it’s time for scientists concerned about scientific integrity to demand the UN (and other official institutions/agencies/MSM etc) abandon all attempts to co-opt the generic “climate change” to mean “anthropogenic global warming”:

    UNFCCC: FULL TEXT OF THE CONVENTION
    2. “Climate change” means a change of climate which is attributed directly or indirectly to human activity that alters the composition of the global atmosphere and which is in addition to natural climate variability observed over comparable time periods.
    http://unfccc.int/essential_background/convention/background/items/2536.php

    how utterly absurd that we should be told to think climate was “variable” before it “changed”!

    you say:

    “Public trust is essential because it provides the foundation for society’s willingness to invest in scientific exploration and discovery. It is the responsibility of every scientist to safeguard that trust.”

    which i think is what concerns you most.

    funny how both these CVs have been updated 27 Feb 2012!

    Last updated: February 27, 2012
    The TAO Project – Michael James McPhaden
    ABBREVIATED CURRICULUM VITAE
    Click here for complete CV – (PAT – LINK POSTED BELOW)
    NOAA/Pacific Marine Environmental Laboratory
    http://www.pmel.noaa.gov/tao/proj_over/mmcv.html

    (COMPLETE) CURRICULUM VITAE February 27, 2012
    Michael James McPhaden
    NOAA/Pacific Marine Environmental Laboratory
    http://www.pmel.noaa.gov/tao/proj_over/cvmmlong.pdf

  96. evanmjones says:

    “betrayed the principles of scientific integrity”

    What is “scientific integrity”? He lied in an email to Heartland, that speaks to integrity, but not science. Gleick is being tossed under the bus because he is inconvenient now, the poll numbers are against him.

    *Squish*

  97. DirkH says:

    Mike says:
    February 27, 2012 at 4:54 pm
    “Gleick did something wrong, he was punished. Ranting about it and not getting back to the science makes this website look like it is grasping at straws.”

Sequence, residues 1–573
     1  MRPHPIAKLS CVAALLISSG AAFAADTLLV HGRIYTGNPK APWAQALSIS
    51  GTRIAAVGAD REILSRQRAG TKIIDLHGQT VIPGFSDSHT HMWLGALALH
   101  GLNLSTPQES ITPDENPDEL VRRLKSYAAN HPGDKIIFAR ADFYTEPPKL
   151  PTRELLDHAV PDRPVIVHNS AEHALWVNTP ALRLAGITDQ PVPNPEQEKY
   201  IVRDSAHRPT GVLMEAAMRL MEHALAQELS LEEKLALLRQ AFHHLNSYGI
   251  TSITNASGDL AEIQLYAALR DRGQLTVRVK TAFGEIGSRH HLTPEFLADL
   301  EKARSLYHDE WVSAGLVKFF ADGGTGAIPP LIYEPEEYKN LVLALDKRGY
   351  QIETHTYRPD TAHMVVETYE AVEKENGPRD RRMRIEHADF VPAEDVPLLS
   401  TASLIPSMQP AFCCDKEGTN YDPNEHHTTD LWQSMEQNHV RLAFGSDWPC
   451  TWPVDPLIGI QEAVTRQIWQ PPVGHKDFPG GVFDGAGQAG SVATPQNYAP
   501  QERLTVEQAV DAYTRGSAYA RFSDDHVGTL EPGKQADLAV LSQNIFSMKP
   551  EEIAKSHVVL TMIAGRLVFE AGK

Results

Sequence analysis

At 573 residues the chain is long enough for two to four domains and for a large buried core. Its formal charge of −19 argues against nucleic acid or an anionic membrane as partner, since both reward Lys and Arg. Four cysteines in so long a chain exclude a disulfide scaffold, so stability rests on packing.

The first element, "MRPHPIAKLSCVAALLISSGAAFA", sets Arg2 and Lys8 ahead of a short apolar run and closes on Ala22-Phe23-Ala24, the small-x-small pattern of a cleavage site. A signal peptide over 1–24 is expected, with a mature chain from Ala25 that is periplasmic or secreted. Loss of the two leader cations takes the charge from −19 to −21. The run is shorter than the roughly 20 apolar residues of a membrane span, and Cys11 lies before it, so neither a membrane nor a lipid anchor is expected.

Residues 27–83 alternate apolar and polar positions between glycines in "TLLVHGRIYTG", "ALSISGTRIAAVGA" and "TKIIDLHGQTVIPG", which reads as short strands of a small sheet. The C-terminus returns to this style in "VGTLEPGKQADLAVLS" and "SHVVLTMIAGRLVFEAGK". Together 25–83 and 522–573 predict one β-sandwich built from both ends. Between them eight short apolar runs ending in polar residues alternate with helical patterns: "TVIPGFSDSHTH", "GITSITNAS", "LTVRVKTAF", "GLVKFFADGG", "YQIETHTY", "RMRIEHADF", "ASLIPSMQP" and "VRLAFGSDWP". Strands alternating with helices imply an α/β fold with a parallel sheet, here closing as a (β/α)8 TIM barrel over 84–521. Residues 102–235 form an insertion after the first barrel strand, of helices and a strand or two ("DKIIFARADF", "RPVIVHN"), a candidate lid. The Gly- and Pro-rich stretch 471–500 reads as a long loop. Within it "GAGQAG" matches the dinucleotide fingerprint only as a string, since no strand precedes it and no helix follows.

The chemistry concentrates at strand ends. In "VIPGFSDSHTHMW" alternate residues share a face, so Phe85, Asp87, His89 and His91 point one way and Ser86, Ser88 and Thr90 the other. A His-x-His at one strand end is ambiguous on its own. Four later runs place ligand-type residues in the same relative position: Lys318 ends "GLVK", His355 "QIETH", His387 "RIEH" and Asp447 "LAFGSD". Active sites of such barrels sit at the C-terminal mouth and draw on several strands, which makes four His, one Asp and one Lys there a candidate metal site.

Gleick wasn’t punished by now. The lawsuits haven’t begun.

  98. Mike says:

    Joachim:
    It doesn’t matter who you are dealing with. He could be the most unethical jerk around, but if he is a competent scientist with sound evidence then he should be listened to. The problem arises if he fakes (or is wrong about) the science, and if he has, it is this that should be attacked and pointed out. In this case, the science isn’t even involved.

    Obtaining board papers is a reason to dislike the guy, it does not strengthen or weaken a position on climate change in anyway, it merely impacts popularity. No matter how much fun it is to turn it into one, the science of climate change is not a political debate or popularity contest.

    As I mentioned before, if this website wants to maintain a semblence of scientific integrity it needs to avoid ranting on unscientific issues.

    Eric:
    Define punishment. The guys career will probably never be taken seriously again…

  99. RobW says:

    “More than ever, AGU needs a clear set of guidelines that encompasses the full range of scientific activities our members engage in.”

    Here are a few hints of where to start.

    1) ALL data from every publication is made available to any scientist who requests it.

    2) ALL computer programs/models that claim anything in any publication are available to any scientist who requests it.

    3) There is never any excuse to block opposing views (forcing change of editors, boycotting journals etc)

    4) Extend reasonable effort to engage in civil debate with critics of any scientific position.

    5) Explain in very clear language why historic data has been changed and admit every single case where this has occurred.

    6) Admit there is no such thing as “settled science” and “static climate”.

    The continuation of the present assault on science by far too many in climate science can not continue.

    It is far past the time where: ‘Why would I show you my data when all you want to do is find fault in it’ is called science.

    Sir you are a president of (once esteemed) scientific organization, act that way!

  100. Alberta Slim says:

    Myrrh says:
    February 27, 2012 at 4:46 pm
    “your comment about M McPhaden……..”

    I wish that you would send those comments [and any expansions]
    by way of a letter to him personally, and see if he will reply.
    Then give all of us a report here on WUWT.

  101. Mooloo says:

    Thomas says:
    February 27, 2012 at 3:50 pm
    “His transgression cannot be condoned, regardless of his motives.”

    So, can I read into this statement that McPhaden basically *approves* of the motives involved in the phishing attack, but finds the tactics unsavory?

    No, you can’t. “Regardless of motives” is just that, regardless. They are to be disregarded totally.

    A person being weaselly would say “despite his motives” or “ignoring his motives for the moment or similar, which implies that they might be good.

    We can be sceptical without being cynical. If someone writes a clean piece of prose then it should be assume to say what it says, not what you want it to say or think that he meant to say. He is clear that it was a disgraceful action, and nothing in his writing suggests it was morally, politically or socially acceptable.